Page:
Do horses still race on hard going?

Do horses still race on hard going? Officially, the state of the ground, or going, on a racecourse is described by one of seven descriptions, ranging from ‘heavy’ at one extreme to ‘hard’ at the other. However, British Horseracing Authority (BHA) guidelines suggest that Flat courses should aim to provide ‘good to firm’ going and National Hunt courses should aim to provide ‘good’ – and never faster than ‘good to firm’ – going, wherever possible.

Even allowing for the vagaries of the British weather, it is possible that a long, dry spell can produce going officially described as ‘firm’ or even ‘hard’, especially in the absence of watering. Bath Racecourse, situated high on Lansdown Hill, 780 feet above sea level, is a case in point insofar as it has no watering system and can produce rattling hard going during a dry summer. Under such circumstances – which are virtually unknown elsewhere – underfoot conditions must be monitored to ensure the course is safe for racing.

Of course, Bath Racecourse exclusively stages Flat racing but, for National Hunt courses, if the going is officially ‘hard’, it must be described as ‘hard (unraceable)’ and racing must be abandoned. Thus, while ‘hard’ still exists as an official going description, horses rarely, if ever, race on going faster than ‘firm’ – which, itself, is rare enough on most British racecourses – for welfare reasons.

What is the ‘penalty value’ of a horse race?

What is the 'penalty value' of a horse race? The ‘penalty value’ of a horse race, as listed on a racecard, describes the prize money awarded to the winner and, possibly, anything up to the next nine horses home, depending on the total prize fund available. However, penalty value does not reflect deductions, such as trainer and jockeys percentages, British Horseracing Authority (BHA) fees and so on, so owners’ prize money is always less than the penalty value of the race in question.

In horse racing, a ‘penalty’ is additional weight, say, 5lb or 7lb, imposed on a horse for winning a race under certain circumstances. Details of such penalties are listed in the race conditions and, in some cases, are imposed on horses that have won a race, or races, above a certain value in a certain timeframe. The winner of a race worth £3,000 might incur a 5lb penalty, the winner of a race worth £5,000 might incur a 7lb penalty and so on; in any case, it is the penalty value of the races, or races, previously won that determines whether or not a penalty is imposed and, if so, what level of penalty. That’s why it’s called ‘penalty value’ in the first place!

Which was the last Grand National to be run over four-and-a-half miles?

Which was the last Grand National to be run over four-and-a-half miles? Historically, there was a time when every schoolboy – or, at least, every schoolboy with a slightly misspent youth – knew that the Grand National was run over an advertised distance of four-and-a-half miles. Of course, that was before 2013, when safety measures included moving the start forward, about a hundred yards closer to the first fence, with the result that the race was run over the shorter advertised distance of four miles and three-and-a-half furlongs. Thus, the last Grand National to be run over four-and-a-half miles was the 2012 renewal which, fittingly, also produced the closest ever finish, with Neptune Collonges beating Sunnyhillboy by a nose.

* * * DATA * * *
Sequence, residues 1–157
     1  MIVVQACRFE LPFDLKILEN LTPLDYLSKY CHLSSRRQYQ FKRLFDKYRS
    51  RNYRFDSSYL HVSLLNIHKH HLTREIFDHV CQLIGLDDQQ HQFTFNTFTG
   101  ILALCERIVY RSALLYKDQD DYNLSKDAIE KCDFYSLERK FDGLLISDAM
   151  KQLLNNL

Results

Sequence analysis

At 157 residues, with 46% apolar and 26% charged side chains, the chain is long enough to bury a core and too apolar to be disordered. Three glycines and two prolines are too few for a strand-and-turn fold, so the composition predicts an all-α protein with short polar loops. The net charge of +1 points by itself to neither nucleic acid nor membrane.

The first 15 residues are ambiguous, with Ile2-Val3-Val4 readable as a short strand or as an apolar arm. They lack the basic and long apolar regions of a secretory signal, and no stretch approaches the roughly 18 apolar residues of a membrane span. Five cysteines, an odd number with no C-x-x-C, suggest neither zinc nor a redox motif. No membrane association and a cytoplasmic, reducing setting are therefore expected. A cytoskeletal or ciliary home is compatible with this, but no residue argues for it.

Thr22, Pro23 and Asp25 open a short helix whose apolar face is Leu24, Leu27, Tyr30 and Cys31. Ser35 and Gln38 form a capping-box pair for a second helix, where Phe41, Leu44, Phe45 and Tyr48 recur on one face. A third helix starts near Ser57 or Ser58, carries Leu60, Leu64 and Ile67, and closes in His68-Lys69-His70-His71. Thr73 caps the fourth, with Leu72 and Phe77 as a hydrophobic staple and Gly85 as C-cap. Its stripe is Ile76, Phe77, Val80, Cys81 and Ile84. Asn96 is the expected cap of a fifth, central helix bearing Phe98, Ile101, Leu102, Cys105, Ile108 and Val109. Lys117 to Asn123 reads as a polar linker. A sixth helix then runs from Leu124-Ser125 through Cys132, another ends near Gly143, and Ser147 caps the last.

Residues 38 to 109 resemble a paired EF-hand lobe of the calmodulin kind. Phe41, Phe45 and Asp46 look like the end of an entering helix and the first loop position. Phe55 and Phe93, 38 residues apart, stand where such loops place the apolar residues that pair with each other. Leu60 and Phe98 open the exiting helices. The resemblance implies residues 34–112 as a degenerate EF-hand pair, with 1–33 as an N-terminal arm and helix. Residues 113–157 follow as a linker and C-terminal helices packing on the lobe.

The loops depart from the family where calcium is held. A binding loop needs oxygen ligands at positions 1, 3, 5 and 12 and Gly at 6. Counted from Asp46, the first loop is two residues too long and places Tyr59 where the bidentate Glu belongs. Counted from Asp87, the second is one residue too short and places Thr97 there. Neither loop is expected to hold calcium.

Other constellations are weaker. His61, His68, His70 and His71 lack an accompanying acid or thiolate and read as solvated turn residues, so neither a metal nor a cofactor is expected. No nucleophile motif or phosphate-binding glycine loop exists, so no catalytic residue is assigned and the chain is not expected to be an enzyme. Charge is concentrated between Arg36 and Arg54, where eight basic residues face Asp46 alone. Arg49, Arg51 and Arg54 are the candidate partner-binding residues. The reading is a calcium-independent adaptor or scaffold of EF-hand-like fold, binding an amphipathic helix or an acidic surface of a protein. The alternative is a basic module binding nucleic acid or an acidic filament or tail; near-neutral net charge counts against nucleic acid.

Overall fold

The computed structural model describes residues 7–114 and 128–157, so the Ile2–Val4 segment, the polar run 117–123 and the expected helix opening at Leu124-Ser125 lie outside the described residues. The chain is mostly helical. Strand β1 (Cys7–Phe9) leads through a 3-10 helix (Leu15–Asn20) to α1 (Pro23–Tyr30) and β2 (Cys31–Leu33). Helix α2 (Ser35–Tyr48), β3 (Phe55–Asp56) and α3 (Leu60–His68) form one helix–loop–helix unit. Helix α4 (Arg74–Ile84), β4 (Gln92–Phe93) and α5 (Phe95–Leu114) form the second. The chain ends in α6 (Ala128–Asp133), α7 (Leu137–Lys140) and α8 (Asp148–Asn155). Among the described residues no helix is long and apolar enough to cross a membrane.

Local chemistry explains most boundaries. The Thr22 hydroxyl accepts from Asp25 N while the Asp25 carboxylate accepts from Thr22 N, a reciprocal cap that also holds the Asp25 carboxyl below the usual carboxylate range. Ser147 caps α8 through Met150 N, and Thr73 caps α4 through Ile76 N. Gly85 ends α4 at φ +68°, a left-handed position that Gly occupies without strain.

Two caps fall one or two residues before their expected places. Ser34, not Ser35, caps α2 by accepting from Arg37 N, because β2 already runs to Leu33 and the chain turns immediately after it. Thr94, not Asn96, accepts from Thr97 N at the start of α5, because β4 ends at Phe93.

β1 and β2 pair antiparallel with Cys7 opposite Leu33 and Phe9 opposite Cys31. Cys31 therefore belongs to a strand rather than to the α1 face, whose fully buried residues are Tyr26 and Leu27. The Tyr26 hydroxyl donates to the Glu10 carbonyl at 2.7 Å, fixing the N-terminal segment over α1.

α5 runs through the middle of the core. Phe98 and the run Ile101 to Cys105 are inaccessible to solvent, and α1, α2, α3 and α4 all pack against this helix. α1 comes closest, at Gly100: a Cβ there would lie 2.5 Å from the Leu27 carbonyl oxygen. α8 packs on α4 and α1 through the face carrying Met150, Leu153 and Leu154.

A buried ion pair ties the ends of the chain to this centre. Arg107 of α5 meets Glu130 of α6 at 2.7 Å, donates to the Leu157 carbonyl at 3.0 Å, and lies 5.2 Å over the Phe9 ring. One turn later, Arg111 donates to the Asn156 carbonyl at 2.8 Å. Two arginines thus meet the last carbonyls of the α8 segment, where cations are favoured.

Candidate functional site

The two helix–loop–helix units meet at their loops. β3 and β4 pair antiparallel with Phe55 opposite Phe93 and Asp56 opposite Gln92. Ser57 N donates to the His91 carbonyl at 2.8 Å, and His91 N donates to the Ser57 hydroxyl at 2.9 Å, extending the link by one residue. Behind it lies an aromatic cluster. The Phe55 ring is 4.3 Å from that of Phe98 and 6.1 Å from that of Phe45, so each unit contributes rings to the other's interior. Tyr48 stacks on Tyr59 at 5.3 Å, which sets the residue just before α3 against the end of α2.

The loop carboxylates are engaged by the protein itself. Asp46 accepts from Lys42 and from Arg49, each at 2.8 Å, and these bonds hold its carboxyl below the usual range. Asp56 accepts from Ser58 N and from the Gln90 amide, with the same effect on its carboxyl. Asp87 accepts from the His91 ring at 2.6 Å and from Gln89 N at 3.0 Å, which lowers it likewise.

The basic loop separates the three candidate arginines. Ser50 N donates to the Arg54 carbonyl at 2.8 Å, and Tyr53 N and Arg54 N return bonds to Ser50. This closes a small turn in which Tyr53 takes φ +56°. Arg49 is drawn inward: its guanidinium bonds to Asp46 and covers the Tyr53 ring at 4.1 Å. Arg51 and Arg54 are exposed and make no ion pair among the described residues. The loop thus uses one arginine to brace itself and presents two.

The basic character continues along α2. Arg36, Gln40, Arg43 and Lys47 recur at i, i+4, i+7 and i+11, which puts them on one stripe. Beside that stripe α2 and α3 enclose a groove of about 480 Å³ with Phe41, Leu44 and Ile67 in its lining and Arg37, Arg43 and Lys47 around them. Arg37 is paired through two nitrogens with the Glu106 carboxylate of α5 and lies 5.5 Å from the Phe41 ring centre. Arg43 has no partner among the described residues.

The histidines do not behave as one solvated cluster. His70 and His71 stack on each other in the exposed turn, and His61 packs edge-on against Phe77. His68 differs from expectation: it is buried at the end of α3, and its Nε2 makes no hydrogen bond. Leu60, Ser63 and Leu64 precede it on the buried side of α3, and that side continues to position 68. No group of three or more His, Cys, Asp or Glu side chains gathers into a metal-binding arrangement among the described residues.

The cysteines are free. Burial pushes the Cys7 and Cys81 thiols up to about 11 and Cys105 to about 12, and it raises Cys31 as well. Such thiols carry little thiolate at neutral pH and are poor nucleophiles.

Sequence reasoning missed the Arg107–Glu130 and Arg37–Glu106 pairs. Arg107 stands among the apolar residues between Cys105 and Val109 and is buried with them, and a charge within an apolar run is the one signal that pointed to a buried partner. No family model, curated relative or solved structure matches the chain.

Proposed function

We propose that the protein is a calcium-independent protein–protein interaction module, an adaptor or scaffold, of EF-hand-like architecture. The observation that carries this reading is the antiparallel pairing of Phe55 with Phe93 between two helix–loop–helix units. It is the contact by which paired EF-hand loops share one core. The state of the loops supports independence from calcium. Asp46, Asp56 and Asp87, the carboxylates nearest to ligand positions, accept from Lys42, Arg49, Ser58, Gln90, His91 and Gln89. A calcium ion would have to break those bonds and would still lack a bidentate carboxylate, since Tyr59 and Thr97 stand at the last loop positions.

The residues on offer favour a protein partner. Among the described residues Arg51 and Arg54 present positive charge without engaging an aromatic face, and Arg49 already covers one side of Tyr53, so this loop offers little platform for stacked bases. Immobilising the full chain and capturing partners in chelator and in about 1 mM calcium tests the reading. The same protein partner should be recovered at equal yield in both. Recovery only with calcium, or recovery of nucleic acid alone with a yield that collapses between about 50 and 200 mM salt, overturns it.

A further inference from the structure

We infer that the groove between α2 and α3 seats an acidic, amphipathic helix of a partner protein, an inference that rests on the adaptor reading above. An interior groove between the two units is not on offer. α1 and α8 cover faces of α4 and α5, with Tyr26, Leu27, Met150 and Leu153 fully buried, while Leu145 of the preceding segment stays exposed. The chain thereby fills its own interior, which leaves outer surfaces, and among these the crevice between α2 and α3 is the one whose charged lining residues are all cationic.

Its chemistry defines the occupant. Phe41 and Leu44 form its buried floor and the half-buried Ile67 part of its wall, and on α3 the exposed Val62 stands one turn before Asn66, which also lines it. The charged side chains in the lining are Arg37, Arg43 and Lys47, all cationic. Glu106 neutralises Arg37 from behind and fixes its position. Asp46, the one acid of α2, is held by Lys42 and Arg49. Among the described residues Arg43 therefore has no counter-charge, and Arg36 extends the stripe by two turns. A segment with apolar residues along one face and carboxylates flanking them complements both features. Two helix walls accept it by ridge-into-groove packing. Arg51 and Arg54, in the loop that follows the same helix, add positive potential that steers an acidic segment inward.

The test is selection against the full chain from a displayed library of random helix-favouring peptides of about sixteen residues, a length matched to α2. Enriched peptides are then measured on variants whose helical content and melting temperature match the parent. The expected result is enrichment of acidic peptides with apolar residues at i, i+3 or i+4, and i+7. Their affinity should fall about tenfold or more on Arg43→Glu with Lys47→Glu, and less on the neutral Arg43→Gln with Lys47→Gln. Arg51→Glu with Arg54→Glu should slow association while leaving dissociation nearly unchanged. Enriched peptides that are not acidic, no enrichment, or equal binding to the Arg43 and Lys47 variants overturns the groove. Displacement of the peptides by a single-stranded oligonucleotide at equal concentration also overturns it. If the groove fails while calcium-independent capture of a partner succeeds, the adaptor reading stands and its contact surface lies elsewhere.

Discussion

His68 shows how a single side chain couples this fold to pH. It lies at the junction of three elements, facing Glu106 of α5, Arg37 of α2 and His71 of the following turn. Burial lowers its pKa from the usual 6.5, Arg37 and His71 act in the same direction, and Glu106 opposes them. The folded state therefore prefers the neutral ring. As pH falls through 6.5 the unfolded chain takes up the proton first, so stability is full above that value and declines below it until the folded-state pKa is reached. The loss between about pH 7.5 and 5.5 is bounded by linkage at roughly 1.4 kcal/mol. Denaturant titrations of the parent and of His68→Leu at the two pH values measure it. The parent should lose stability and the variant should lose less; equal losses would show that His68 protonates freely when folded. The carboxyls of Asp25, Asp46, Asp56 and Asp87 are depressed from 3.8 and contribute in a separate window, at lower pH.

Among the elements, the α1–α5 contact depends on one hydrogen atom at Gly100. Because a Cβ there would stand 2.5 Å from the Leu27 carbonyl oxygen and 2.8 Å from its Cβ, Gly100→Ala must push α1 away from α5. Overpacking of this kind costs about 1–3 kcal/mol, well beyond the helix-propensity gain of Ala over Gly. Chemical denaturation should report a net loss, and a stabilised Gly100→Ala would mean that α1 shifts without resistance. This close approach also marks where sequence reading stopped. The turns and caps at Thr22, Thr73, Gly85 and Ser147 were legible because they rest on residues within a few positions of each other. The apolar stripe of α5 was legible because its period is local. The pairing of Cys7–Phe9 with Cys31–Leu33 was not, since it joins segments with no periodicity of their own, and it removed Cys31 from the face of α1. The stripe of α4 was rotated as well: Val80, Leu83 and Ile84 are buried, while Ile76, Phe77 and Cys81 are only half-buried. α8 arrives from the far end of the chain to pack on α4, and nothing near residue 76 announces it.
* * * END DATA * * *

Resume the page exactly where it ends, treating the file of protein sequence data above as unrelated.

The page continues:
However, Aintree, along with every other National Hunt racecourse in Britain, was subsequently professionally surveyed and re-measured, along a line two yards from the inside rail rather than down the middle of the track, as had traditionally been the case. Not unexpectedly, the change in methodology lead to traditional race descriptions becoming shorter; since 2016, the Grand National has been run over an advertised distance of four miles and two-and-half furlongs, or an exact, ‘baseline’ distance of four miles, two furlongs and 74 yards. However, notwithstanding the earlier changes, horses still travel exactly the same distance they did prior to 2016.

Which jockey has ridden the most winners?

Which jockey has ridden the most winners? According to Guinness World Records, the jockey who has ridden the most winners is Brazilian Jorge Antonio Ricardo who, as of January, 2021, had amassed a career total of 13,044 winners. Born in Rio de Janeiro in September, 1961, Ricardo rode his first winner, as a 15-year-old apprentice in 1976 and enjoyed his best season in his native land in 1992/1993, when he rode 477 winners; by contrast, the British record for the most winners in a season is 289, set by Sir Anthony McCoy in 2001/02.

‘Ricardinho’, as Ricardo is known to his fans, has suffered various fractures, including to his jaw, shoulder blade, collarbone, vertebrae, elbow and femur, in his long, illustrious career, not to mention recovering from cancer of the lymphatic system, or lymphoma, when in his late forties. Nevertheless, despite being incapacitated for protracted periods, he equalled the previous world record, 12,844 winners, set by retired Canadian jockey Russell Baze, in February, 2018. Since then, Ricardo has continued to add to his total, passing the landmark of 13,000 winners in September, 2020. Apart from Baze, no other jockey, worldwide, has achieved a five-figure career total, so his record could well last forever.

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